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Spokane, Washington  Est. May 19, 1883
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Sports >  Outdoors

Dave Dubuque: They walk among us. Ordinary citizen… or gravity-defying acrobat?

By Dave Dubuque For The Spokesman-Review

I’ll wager that few ski articles begin with a trip to the periodontist, but life can be serendipitous, and I’m going with the flow.

While in the throes of an anxiety attack brought on by a fear of needles that resides at the core of my lizard brain, I began to blather on about my favorite subject and about this season’s goal of learning to do a 360 spin off of a jump. (It’s been a goal for a number of years.)

“I used to throw 1080s,” Dr. Nate Johnson said nonchalantly as I sweated and involuntarily contorted as he searched for a vein suitable for an IV needle. “I even competed in Freeskiing World Tour qualifiers.”

To perform a 1080, a skier flies off of a jump and spins not once (which is hard enough) not twice (most become nauseated), but a dizzying three times – with stiff boots and long boards strapped to their feet.

“That’s so cool, I can’t even get around once,” I said as my mind mercifully drifted into semi-consciousness.

Waking up one successful gum graft later, I made a point of remembering to call Dr. Johnson and ask him how he developed his skills.

“I grew up in Salt Lake City, skiing Alta first, then Snowbird,” he said. “My high school allowed students to leave the campus to work, but my friends and I would just go skiing.”

During these years, the sport of freeskiing – competitions outside the discipline of racing through gates for the fastest time – was in its infancy, and Johnson would watch videos of the sport’s pioneers, like the members of the New Canadian Air Force, and imitate what he saw, hitting jumps and performing terrain-park acrobatics that were, at the time, primarily the domain of snowboarders.

“My brother and I taped some kids’ skis we found in the garage to our shoes and practiced on our trampoline,” Johnson said.

“Then, in the wintertime, we’d build big jumps in the backcountry across from Alta and practice the tricks on real skis, landing in deep snow.”

The practice paid off.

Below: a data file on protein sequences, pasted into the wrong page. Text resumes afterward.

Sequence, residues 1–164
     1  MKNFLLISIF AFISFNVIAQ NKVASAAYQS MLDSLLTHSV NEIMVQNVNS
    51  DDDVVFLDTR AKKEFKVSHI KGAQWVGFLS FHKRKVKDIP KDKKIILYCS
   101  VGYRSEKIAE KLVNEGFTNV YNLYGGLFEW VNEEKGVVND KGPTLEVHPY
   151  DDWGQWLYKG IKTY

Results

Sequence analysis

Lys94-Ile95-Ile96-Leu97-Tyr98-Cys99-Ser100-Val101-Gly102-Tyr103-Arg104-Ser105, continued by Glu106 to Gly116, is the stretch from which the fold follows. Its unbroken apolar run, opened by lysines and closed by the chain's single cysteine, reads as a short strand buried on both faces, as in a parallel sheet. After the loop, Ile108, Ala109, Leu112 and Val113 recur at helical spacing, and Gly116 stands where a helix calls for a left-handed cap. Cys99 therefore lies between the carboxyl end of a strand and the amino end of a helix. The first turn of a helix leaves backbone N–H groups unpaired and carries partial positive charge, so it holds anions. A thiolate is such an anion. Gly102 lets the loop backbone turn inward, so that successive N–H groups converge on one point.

Johnson recounted a memory of he and his brother entering a slopestyle competition while in high school, judged on the ability to do tricks off of jumps, rails and boxes. The problem? His family frowned upon skiing on Sunday – a day reserved for church.

“We told them that we were headed to another church to hear a friend give his pre-mission address to the congregation,” he said.

“We won the competition, held on a beautiful, sunny day, but missed the award ceremony so that we could make it to Sunday dinner and avoid blowing our cover.”

Unfortunately, the brothers came home sporting a telltale goggle tan, and the jig was up.

It was also in high school that he entered his first Freeskiing World Tour qualifying event – a competition held on the steep, ungroomed slopes of a large mountain face that’s judged on criteria such as the difficulty of the route taken down the mountain, the control maintained by the skier, the jumps taken and the rider’s “flow,” or smooth continuity of motion.

He didn’t end up placing, but after spending two years in Switzerland for his church mission, he entered the competition again in 2005 and ended up making it to the finals.

“I would watch the competitions from the bottom of the mountain, remember what routes the winners descended, and imitate them,” Johnson said.

“It usually involved jumping off a number of large cliffs.”

Was he nervous about pushing himself to the limits on consequential terrain?

“Competitors had to hike to the top of Mt. Baldy, which separates Alta from Snowbird, and I had butterflies in my stomach the whole way up,” Johnson said. “But once I was on my skis, I had the whole mountainside to myself, and it was actually very peaceful. And fun.

“Unfortunately, I lost a ski after I jumped off of a cliff and I crashed, blowing my chances of making it to the super finals.”

Johnson is now hard at work raising a new generation of skiers, ages 9, 11 and 13.

“They don’t like to go to lessons,” he laughed, “so we’ll watch big-mountain freeskiing competitions and I’ll tell them, ‘When you can do that, you don’t have to go to ski school any more.’ ”

If they’ve inherited their father’s aptitude for the sport, that might be soon.

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